http://www.dft.gov.uk/stellent/group...ty_029049.hcsp
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Old 2nd Jul 2004, 08:39
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<<Hats off for a good day at the office BMI crew!!!!>>

I hardly think it was a good day at the office. I believe the 757 behind them was having a better day.
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Old 2nd Jul 2004, 08:46
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I wonder if reactions would have been the same if it was a Ryanair airplane that entered a TS/CB with itīs radar turned off.

Of course īsuperiorī British companies donīt make mistakes, so if "no-one was seriously hurt" people shouldnīt make a fuss about it...

Bit hypocritical!

p.s. I donīt work for FR.
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Old 2nd Jul 2004, 09:00
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I saw the a/c a few moments after it had shut down on stand. I saw the shocked looks on the crews faces as they realised the extent of the damage and the pax taking photos of their relatives posed in front of the holed radome.

It would help if someone cleverer than I could post up a shot of the a/c here now to remind everyone how trashed it looked.

Also be interesting to know how much it cost to repair and the consequential loss bmi suffered.

Finally having met the Evening News reporter in question I can confirm that he operates to an agenda few in our industry will ever comprehend.

Sir George Cayley
 
Old 2nd Jul 2004, 09:23
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Link to photo

Cheers,
HaM
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Old 2nd Jul 2004, 09:37
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Is hail damage not 'one of those things'? I'm sure if was pretty frightening for all concerned, but the aircraft withstood it without anything important breaking, the crew did their jobs, and everybody was safe.

I've seen pictures of a Tristar and and Easyjet 733 that looked thoroughly shingled by hail, but whatever dramas affected the aircraft they had happy endings. Surely the professionalism of the crews in all these situations is the emphasis here?

Also, if the Captain was able to agree with his F/O that the WX radar was not necessary at that phase in the flight, how does this tie-in with SOP? I can't believe they switched off the radar just for the sake of it.

Edit: Speak of the devil! There's also some interesting images of that aircraft with some interim repairs, featuring fabricated leading edges for the whole tail, and engine cowlings, before going back to the states for more thorough work.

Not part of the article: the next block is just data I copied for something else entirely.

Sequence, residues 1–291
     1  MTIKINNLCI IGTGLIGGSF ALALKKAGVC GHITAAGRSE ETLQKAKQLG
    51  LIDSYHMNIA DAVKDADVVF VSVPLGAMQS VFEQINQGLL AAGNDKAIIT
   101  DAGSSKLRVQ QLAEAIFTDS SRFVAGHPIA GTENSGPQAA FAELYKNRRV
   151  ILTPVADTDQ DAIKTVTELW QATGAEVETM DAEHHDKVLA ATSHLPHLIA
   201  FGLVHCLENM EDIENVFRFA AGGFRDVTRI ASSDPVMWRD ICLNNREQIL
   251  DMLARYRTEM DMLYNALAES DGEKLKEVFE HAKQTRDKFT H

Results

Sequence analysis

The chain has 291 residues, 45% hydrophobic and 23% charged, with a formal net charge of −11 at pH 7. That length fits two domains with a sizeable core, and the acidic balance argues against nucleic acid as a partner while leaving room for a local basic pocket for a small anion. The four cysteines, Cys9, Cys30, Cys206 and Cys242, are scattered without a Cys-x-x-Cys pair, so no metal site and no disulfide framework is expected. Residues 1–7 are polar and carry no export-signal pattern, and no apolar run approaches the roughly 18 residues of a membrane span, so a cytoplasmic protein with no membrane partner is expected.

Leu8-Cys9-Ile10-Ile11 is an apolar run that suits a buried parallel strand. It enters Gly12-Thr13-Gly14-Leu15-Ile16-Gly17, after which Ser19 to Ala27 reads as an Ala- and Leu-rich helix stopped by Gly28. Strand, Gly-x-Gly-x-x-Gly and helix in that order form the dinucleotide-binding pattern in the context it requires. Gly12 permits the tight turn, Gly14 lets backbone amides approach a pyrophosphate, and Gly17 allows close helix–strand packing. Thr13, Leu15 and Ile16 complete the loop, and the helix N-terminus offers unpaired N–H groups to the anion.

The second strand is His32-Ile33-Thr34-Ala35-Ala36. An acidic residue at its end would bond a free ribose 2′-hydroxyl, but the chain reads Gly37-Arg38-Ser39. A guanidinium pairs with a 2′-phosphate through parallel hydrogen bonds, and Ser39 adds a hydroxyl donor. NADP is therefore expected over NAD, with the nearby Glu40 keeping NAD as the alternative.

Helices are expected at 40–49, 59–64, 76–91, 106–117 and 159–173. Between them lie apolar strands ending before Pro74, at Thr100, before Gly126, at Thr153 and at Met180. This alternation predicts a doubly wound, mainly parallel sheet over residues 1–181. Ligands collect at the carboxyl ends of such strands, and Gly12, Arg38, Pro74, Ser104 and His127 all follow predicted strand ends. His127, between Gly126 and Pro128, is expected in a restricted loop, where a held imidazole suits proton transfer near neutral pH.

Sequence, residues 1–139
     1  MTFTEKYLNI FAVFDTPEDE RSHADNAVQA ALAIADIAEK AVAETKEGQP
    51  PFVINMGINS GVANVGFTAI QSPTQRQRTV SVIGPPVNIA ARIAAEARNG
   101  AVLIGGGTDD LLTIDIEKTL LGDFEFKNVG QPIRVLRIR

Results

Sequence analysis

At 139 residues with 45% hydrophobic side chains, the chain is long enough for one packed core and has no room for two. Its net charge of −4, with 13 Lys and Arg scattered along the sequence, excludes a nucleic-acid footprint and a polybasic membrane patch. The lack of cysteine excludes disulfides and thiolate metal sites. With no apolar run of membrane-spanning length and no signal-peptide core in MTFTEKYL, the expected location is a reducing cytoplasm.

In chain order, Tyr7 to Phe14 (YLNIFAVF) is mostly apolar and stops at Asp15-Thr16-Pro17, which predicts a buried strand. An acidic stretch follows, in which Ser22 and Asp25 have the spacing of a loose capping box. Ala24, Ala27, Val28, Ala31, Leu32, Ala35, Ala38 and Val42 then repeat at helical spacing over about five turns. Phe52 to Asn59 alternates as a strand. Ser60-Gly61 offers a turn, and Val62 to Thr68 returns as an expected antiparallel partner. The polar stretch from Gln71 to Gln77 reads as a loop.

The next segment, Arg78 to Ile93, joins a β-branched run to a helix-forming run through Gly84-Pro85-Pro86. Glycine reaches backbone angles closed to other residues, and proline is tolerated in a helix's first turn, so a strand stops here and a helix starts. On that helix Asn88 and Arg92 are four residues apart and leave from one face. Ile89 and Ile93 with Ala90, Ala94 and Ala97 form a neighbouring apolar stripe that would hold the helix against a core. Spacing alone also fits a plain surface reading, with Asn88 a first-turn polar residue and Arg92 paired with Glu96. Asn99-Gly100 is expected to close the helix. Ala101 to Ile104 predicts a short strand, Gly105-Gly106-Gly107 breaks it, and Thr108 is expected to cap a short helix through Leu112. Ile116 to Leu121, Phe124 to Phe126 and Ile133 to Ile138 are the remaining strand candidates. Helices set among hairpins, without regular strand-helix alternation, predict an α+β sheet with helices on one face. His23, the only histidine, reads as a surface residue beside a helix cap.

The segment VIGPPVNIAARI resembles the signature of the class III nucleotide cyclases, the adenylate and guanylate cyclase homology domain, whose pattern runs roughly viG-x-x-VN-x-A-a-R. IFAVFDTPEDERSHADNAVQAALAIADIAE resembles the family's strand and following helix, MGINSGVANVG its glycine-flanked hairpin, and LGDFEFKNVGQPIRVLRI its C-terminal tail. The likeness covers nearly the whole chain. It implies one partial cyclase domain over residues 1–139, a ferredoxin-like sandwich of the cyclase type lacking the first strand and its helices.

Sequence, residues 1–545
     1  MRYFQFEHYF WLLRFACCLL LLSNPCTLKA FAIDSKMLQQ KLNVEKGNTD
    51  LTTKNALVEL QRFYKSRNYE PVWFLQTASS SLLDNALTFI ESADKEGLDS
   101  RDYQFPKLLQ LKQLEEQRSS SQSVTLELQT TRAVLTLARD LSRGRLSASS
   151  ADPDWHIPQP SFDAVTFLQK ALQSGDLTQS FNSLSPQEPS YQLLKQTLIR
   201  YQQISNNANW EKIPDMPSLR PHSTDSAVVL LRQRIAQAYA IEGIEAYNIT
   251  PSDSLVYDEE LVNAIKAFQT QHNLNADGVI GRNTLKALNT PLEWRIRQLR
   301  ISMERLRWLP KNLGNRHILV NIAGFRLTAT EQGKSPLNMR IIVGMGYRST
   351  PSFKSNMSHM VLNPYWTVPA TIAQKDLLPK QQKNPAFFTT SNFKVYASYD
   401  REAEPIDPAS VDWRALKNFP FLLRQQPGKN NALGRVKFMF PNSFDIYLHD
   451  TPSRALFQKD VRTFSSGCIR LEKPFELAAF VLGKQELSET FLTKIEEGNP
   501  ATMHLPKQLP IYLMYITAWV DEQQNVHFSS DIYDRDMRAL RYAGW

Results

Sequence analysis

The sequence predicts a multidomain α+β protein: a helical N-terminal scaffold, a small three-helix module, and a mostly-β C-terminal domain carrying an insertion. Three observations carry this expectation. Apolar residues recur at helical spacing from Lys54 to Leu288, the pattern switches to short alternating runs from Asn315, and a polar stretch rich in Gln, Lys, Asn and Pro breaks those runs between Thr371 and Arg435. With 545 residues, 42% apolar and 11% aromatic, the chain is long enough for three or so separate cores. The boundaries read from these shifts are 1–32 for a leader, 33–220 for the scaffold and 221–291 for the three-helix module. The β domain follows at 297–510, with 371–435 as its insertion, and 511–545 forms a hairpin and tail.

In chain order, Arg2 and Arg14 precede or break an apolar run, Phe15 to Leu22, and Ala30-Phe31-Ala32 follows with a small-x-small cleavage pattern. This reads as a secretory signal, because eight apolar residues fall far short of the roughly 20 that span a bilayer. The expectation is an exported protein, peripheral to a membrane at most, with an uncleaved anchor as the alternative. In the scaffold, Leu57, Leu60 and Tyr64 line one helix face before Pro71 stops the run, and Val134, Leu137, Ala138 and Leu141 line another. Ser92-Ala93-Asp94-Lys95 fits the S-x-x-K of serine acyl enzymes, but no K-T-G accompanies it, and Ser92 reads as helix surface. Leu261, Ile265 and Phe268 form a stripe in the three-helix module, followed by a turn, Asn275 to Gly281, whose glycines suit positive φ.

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Old 2nd Jul 2004, 09:37
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easy, easy....

http://flightlevel.20megsfree.com/
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Old 2nd Jul 2004, 09:40
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Took these myself

Here are 3 of my own shots I took when I got off.

http://www.thedemons.net/uploads/Teddy/Plane1.jpg
http://www.thedemons.net/uploads/Teddy/Plane2.jpg
http://www.thedemons.net/uploads/Teddy/Plane3.jpg

PS: Sorry all for bumping the other thread. I only just realised there was a new one because I had the other one in my favourites.
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Old 2nd Jul 2004, 09:55
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Prats, both of them. Flying a public service aircraft over the alps into an area of forecasted turbulence! No excuses. The radar DOES pick up hailstones, what do you think it's there for?
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Old 2nd Jul 2004, 10:17
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srjumbo: Don't make yourself look silly. Do you think that public transport (not service) aircraft aren't supposed to fly over the Alps, or into areas of turbulence?

Radar doesn't pick up hailstones - it reflects water.
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Old 2nd Jul 2004, 10:27
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I bet the radar was off for good after that little lot!
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Old 2nd Jul 2004, 10:40
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after reviewing catchups photo link ...... if this was a good day at the office I sure wouldn't like to see a bad one

http://flightlevel.20megsfree.com/

I'm surprised the emphasis is not more directed to "how we avoid this nightmare scenario"
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Old 2nd Jul 2004, 11:04
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Wx may not show hail but it does, on most occasions, show areas of heavy precipitation, aka Cbs etc.

Whilst the crew have all my sympathies (there but for the grace of God go I!) surely the basic point is that the wx radar should have been switched on and adjusted suitably. What's the reason for turning it off anyway?